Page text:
If the Government's second assertion is to be that we should take action whether we can bring a charge, whether we can get a conviction or not, this is really a most serious approach and I believe that we are entitled, having heard that from the Prime Minister in this House, to call before us the senior law officer of the Government to inquire of him whether he in fact as a lawyer and the senior law officer agrees with the proposition that people should be punished, held up to public ridicule, their names made available without any evidence against them sufficient to obtain a conviction in a court of law. We need to know this because if that is in fact to be asserted by the senior law officer in accordance with what the Prime Minister suggested ought to happen, there should be no lawyer on the other side of the House and no man on the other side of the House concerned with civil liberties who ought not to hang his head in shame, if I may use that word, sir.

If on the other hand we are to be told by the senior law officer of the Crown, as we should be told if it is true, that he agrees there is not sufficient evidence in which to bring a charge, then all the attack made by the Prime Minister this afternoon falls completely to the ground and it is shown instead for what it is - an attempt to divert attention from the damaging attack on national security which his Attorney-General made; to divert attention from that by making unsustainable and false accusations against the previous Government. That is not the only reason why I suggest we should follow the course laid down under standing order 359. This whole affair has been a sort of continuing story of Peyton Place' - a little bit brought out now; a little bit brought out later; some new accusation, made mostly on television.

I believe that this House - again in protection of civil liberties - ought to inquire a little more fully into just what sort of star chamber procedure was followed when a so-called inquiry was made into a so-called conspiracy by senior public servants. The Public Service Act lays down procedures by which those who are thought to have behaved wrongly can be examined. Those procedures on this occasion apparently were not followed. Instead, proceedings were taken in secret and again relying, so far as we are told, on the evidence of interested parties - that is to say, on the evidence of heads of departments whose officials were accused of conspiracy. We need to examine the Attorney-General and to get his views on the evidence applicable on the question of why it was necessary to have an inquiry at all. It may be that he could convince us that it was necessary and maybe he can show us something that has not come out yet. But if the report from the Australian Security Intelligence Organisation member at that committee meeting was true - and we have been told it was false - why does that suggest evidence of conspiracy amongst public servants? Were they not meeting to examine, in anticipation of being asked to help Senator Murphy make a statement, what advice they should give? Has it been shown or even asserted that at that meeting they had before them some facts, some evidence which required a different answer from that given previously? I have not heard that asserted. All I have heard is the statement that because they met, presumably examined what was on the table before them, said that as a result of that examination they should not give anything different to what they gave before, that is evidence of a conspiracy. This ought not to be enough and ought not to be a charge levelled even for a while against public servants who cannot defend themselves.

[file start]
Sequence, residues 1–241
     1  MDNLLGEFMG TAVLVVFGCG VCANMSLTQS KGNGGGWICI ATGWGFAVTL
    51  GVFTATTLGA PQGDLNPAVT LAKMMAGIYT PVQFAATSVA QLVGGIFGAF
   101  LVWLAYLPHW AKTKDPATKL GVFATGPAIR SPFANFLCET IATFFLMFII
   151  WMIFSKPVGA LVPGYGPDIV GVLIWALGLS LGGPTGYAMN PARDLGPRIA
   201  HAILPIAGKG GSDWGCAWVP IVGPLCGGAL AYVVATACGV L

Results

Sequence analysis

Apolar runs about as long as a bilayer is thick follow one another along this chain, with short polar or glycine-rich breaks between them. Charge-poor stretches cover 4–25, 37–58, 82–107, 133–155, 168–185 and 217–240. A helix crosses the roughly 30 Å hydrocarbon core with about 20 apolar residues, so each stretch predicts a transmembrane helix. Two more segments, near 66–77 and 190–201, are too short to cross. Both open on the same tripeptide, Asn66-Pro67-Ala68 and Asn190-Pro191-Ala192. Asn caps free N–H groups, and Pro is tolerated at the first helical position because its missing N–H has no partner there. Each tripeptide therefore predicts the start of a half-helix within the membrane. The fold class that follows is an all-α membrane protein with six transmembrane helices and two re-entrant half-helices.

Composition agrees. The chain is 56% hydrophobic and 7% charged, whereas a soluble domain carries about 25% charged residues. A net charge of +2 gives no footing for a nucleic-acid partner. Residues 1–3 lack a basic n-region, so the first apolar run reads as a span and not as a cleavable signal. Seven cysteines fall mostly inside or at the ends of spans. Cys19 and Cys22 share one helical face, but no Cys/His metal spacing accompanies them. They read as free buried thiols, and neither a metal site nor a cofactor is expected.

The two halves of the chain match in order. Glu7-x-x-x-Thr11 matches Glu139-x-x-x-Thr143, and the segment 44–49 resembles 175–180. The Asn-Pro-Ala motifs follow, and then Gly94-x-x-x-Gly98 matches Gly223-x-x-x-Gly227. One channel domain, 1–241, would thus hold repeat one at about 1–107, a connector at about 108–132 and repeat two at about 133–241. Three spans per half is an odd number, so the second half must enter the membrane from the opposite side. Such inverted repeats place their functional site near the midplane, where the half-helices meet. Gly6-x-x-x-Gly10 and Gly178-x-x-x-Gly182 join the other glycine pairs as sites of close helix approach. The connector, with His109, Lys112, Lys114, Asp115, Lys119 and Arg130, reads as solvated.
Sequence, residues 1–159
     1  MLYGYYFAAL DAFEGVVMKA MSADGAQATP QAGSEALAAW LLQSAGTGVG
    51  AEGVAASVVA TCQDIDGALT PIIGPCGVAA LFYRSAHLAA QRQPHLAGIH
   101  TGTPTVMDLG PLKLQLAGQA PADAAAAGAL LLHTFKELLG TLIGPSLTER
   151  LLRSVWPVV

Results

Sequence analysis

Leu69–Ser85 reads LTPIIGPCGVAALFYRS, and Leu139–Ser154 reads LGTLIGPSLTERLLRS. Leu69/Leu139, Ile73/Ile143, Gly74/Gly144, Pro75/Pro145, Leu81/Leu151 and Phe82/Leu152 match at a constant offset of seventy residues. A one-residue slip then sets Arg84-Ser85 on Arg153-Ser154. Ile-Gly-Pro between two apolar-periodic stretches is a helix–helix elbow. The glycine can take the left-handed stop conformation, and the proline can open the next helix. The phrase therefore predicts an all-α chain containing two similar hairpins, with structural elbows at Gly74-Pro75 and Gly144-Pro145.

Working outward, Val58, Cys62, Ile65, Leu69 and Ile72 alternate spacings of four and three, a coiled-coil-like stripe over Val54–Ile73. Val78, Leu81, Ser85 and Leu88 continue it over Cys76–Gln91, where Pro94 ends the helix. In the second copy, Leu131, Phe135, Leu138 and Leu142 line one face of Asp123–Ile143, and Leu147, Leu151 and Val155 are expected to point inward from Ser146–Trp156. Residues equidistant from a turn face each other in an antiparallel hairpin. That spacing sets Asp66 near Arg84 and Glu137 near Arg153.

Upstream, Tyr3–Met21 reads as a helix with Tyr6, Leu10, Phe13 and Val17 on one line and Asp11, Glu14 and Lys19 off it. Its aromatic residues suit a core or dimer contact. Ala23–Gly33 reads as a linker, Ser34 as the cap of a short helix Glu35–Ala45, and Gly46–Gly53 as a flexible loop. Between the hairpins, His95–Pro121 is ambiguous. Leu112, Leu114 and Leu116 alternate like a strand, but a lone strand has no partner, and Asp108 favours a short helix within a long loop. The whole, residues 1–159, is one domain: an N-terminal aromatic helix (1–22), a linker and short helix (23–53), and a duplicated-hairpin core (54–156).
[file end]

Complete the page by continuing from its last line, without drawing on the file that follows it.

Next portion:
Above all we need to inquire into the question of why one man - one ASIO representative^ - has been made a scapegoat for this affair. This again is a man who cannot defend himself. Let us ask the Attorney-General when he comes before us whether this man has been treated in such a way because the laws relating to public service inquiry do not apply to ASIO personnel and therefore he would not have the same right of protest as any other public servant who attended that meeting would have. This is a suspicion which must enter into anybody's mind in trying to pick his way through this labyrinthine affair. I feel that in recent weeks we have, seen something approaching-